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Last updated: December 03. 2013 10:50PM - 455 Views

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Cody Leist


PDT Sports Writer


The OHSAA announced Tuesday that no petitions had been submitted by Monday’s deadline for member schools to vote on the May 2014 referendum.


The news comes as a shock after schools decided against a new competitive balance formula brought before voters. In a written statement, the OHSAA anticipated a petition to split the tournaments into public and private formats.


However, OHSAA officials revealed that plans to stay the same with how postseason tournaments are conducted are not in their plans.


“The OHSAA’s Competitive Balance Committee, which has created proposals the last three years that the membership voted down, will continue to meet and, along with the Board of Directors, will continue to evaluate this situation,” the statement said. “There is no definite timeframe for another competitive balance proposal or other details available at this time.”


Locally, a variety of school administrators weighed in on the news. As the athletic director for the only private school in Scioto County and only one of two in the entire Southeast District, Notre Dame athletic director Mike Sammons is not in favor of a public-private split.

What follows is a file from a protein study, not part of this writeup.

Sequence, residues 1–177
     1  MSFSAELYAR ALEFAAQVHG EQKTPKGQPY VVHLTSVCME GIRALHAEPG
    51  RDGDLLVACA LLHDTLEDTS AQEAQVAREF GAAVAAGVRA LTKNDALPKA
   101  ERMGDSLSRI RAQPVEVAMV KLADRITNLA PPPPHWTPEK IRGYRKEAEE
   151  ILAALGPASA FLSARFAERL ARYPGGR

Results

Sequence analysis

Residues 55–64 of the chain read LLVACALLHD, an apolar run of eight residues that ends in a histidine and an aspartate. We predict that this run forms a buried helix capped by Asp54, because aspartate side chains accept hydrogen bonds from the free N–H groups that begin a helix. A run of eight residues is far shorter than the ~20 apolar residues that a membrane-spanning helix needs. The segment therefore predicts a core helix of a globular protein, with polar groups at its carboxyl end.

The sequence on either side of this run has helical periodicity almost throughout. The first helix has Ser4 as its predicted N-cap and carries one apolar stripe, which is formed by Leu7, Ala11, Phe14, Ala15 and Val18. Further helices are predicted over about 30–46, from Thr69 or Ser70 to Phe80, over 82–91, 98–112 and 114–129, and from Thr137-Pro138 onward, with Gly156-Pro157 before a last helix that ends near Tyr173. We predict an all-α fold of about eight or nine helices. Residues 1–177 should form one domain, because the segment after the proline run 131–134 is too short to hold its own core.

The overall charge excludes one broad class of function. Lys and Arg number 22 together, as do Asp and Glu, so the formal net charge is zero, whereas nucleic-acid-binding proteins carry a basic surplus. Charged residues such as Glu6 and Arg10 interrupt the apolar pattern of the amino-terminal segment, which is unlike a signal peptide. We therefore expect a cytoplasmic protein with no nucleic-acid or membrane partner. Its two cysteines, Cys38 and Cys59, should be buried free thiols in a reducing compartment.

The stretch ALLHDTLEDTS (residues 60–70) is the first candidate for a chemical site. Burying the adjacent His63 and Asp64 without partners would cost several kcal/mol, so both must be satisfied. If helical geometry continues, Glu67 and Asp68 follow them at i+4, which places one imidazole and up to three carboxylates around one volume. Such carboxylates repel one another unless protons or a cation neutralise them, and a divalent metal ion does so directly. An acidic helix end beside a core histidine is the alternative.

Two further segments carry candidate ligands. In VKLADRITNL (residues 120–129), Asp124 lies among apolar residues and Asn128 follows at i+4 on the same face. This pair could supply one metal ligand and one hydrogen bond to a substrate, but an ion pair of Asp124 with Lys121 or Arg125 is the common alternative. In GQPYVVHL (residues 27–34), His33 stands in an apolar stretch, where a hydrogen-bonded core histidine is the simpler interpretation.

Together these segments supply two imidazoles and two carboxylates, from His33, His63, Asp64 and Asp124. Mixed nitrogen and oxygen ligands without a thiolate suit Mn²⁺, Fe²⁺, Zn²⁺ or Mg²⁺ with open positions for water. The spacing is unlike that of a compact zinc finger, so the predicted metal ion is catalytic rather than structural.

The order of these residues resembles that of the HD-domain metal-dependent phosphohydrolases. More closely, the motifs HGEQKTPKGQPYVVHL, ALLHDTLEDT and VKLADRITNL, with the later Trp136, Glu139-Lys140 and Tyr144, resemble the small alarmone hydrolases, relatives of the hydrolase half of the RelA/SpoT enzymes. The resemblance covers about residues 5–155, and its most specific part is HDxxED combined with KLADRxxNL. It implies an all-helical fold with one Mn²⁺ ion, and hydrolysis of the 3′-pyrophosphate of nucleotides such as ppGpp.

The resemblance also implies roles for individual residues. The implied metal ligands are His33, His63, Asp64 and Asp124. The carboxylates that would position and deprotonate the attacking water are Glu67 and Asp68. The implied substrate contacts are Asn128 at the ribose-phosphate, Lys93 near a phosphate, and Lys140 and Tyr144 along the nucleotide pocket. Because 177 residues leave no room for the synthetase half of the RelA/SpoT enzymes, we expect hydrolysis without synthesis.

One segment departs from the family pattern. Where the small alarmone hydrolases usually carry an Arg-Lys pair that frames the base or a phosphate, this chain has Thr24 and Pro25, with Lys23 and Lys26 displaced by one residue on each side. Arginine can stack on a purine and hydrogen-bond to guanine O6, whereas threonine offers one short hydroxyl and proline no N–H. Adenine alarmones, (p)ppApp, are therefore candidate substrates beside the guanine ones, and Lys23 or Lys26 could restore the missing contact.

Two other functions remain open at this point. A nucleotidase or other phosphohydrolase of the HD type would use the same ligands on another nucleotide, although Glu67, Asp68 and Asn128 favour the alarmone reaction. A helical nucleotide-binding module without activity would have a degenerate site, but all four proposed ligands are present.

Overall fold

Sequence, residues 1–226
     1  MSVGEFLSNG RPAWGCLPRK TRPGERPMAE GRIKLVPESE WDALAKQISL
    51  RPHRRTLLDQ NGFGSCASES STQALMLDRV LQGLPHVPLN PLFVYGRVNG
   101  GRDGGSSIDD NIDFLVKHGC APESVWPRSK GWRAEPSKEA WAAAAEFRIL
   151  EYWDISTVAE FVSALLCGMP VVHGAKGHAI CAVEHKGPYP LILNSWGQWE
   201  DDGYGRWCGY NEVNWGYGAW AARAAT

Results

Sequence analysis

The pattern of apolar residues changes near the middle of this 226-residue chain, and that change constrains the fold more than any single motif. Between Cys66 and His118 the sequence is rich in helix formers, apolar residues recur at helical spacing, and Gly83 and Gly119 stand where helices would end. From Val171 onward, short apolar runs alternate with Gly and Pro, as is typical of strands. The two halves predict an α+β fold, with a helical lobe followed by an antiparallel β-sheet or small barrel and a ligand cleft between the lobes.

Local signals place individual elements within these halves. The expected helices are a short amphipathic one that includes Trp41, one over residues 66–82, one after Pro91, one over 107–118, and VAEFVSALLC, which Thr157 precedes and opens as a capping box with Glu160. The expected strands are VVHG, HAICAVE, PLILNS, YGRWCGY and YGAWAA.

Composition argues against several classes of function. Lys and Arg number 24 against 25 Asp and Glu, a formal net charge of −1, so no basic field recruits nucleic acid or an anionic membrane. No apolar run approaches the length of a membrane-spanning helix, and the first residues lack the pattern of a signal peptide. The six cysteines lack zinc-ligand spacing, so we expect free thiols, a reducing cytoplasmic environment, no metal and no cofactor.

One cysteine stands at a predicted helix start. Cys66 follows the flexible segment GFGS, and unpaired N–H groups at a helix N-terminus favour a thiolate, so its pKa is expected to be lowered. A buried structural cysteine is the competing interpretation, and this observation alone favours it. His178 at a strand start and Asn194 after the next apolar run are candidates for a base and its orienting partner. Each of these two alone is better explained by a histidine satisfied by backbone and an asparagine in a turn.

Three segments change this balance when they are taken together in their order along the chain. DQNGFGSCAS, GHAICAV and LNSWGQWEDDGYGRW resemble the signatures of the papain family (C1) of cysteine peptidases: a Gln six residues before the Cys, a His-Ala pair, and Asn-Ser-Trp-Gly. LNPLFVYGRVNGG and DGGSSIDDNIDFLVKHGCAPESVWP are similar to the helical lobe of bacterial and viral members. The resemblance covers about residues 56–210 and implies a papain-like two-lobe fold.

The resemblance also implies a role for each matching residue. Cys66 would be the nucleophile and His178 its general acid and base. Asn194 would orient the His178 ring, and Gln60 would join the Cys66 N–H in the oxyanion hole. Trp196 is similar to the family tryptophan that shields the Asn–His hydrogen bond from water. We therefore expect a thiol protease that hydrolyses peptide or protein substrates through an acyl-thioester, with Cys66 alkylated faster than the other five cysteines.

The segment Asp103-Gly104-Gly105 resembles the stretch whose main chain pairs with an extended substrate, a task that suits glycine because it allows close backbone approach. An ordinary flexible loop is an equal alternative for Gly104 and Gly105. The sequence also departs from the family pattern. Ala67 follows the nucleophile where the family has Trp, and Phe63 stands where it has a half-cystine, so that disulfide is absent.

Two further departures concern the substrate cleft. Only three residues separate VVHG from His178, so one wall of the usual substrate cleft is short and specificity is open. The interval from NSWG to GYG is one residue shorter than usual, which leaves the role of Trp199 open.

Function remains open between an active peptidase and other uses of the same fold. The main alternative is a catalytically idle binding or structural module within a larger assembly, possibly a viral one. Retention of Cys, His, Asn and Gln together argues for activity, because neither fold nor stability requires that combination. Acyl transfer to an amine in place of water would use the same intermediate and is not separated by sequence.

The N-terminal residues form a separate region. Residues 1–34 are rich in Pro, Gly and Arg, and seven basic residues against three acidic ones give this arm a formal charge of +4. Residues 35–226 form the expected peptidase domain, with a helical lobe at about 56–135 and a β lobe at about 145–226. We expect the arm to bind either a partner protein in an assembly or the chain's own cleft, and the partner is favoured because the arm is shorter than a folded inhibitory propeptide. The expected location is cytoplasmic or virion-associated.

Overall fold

“Our stance is that we definitely don’t want a split,” Sammons said. “Being in a league with 15 other members, all being public schools, we work with public schools every day so we don’t want a split.”


Sammons questioned where his teams would have to play should a split actually take place. He feels the issue is more with the larger private schools to the north and the west of the state.


“I don’t think that we’re a threat to anyone,” Sammons said.


Portsmouth athletic director Joe Albrecht agrees the decision to split the tournaments doesn’t affect this part of the state as much as it does in the major metropolitan areas such as Cincinnati, Cleveland and Columbus. The potential of a split would hurt schools more during the regular season.


“There’s so many rivalries and so many games where we’re still playing one another,” Albrecht said.


One of the staunchest supporters of the competitive balance measure is Wheelersburg superintendent Mark Knapp, who is the president of the OHSAA Board of Directors. He was a bit surprised that nothing made it to the deadline but said the task is far from completed.


“I know the OHSAA will continue to work through the competitive balance committee to make things fair,” Knapp said. “…


“Our work is not done because (the public-private split initiative) didn’t come across.”


Cody Leist can be reached at 353-3101, ext. 294, or cleist@civitasmedia.com. For breaking sports news, follow Cody on Twitter @CodyLeist.


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